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Iliotibial band syndrome

The iliotibial band (ITB) is a think band of fascia (connective tissues) that runs along the outside portion of the thigh originating from the outside of the pelvis around the hip and it inserts to the lateral condyle of the tibia.

ITB syndrome is irritation caused at the insertion point on the outside of the knee and is one of the most common causes of knee pain. The ITB works with the ligaments of the knee to help stabilise the your knee joint. ITB syndrome happens when friction between the ITB tissue against the outside of the knee occurs. This then causes pain and inflammation.


The most common complaint of ITB syndrome is pain along the outside portion of the knee just above the joint line. Initially you may feel stiffness that will disappear after a few minutes of exercise. With time this may present with increasing pain levels each time you exercise as it gets worse.

Other symptoms often include:

  • Clicking or popping sensation on the outside of the knee
  • Tenderness, aching or burning sensation
  • Pain up and down the outside of the leg
  • Warmth or redness on the outside of the knee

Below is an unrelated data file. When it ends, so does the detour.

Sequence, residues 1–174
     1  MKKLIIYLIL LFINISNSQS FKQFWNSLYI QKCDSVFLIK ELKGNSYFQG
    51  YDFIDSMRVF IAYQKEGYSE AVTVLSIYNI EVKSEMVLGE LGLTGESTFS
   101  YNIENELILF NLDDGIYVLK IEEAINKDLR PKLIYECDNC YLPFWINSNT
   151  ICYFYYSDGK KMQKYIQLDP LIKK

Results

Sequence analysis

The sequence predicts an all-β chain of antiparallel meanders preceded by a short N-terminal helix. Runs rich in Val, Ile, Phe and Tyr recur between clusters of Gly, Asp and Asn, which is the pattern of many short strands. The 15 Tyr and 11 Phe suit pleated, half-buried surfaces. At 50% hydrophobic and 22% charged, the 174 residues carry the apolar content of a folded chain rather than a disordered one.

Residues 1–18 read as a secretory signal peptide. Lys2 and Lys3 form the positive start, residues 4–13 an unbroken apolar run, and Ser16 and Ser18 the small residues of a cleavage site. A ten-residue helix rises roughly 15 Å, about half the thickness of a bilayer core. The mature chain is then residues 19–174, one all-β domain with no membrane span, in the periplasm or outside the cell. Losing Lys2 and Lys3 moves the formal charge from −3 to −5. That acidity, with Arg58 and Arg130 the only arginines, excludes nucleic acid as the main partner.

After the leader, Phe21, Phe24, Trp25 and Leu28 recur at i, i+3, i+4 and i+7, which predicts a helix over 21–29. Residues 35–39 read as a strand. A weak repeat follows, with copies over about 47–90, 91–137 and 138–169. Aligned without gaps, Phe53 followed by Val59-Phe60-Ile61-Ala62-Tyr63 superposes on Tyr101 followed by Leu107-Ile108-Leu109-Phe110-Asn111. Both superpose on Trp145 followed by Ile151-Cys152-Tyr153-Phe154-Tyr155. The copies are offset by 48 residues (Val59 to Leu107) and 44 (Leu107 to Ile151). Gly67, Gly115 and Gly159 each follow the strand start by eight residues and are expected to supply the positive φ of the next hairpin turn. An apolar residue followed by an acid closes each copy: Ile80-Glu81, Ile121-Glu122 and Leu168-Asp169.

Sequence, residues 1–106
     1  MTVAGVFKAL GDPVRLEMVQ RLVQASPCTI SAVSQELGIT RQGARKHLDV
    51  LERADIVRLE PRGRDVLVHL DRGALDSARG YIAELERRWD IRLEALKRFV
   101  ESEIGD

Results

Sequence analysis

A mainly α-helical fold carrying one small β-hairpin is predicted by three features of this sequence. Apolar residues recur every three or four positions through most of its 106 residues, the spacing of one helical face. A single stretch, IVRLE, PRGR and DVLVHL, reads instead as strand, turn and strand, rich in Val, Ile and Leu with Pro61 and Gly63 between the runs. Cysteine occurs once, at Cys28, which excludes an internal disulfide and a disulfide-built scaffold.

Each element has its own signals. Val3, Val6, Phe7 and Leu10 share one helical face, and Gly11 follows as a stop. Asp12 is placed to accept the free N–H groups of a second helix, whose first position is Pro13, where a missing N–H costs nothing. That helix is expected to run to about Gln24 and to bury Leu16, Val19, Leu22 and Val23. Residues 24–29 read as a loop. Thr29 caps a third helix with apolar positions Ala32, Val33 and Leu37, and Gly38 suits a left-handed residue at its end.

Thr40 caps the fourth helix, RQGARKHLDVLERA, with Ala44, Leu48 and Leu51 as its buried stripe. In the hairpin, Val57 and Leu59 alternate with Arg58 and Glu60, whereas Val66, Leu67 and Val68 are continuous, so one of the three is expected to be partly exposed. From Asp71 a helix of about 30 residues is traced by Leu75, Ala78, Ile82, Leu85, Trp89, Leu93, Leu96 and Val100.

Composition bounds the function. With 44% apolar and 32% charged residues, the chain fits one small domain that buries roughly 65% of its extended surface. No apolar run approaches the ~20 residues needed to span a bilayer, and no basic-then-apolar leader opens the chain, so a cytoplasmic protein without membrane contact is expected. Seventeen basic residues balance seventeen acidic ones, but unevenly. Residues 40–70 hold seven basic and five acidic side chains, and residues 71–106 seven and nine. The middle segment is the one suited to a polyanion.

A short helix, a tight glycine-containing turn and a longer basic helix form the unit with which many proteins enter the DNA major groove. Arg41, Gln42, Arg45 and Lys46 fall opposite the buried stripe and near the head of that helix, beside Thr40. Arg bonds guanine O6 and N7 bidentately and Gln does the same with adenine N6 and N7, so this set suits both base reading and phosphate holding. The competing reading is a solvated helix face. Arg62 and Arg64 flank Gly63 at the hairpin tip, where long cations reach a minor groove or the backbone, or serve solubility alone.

Who can get it?

ITB syndrome is most often caused as a result of overuse particularly in sports such a cycling and running. Occasionally it has been known to present in those who participate in running sports such as basketball, rugby and football. Although there are certain factors that can contribute to the onset of ITB syndrome. Including having weak hip and/or knee muscles and tightness in the ITB from overuse.

There are certain things that will increase the chance that you develop this condition:

  • Wearing the incorrect footwear too often
  • Not doing correct warm up and cool down exercises
  • Not allowing enough rest time between training days
  • Pushing too hard for your level (too much too soon)
  • Running down hill or on uneven surfaces
  • Over pronation of the foot


There are some basic steps that can significantly reduce your pain and irritation in relation to the condition, although you should visit a physiotherapist so they can make an accurate diagnosis and assist you with correct footwear type as well as prescribe some exercises to help maintain correct strength in the areas needed.

Steps to ease pain and swelling around the painful area:

  • Try to limit activities which provoke your pain
  • Wrap an ice pack in a small towel and place it over the injured area for 15 minutes at a time several times a day
  • Take over the counter NSAID’s to help with the reduction of swelling

A physiotherapist will guide you in how to:

  • Warm up and cool down correctly
  • Choose correct footwear
  • How to adjust your training schedule to get the best results with low risk of injury
  • Use massage therapy to relieve tightness.
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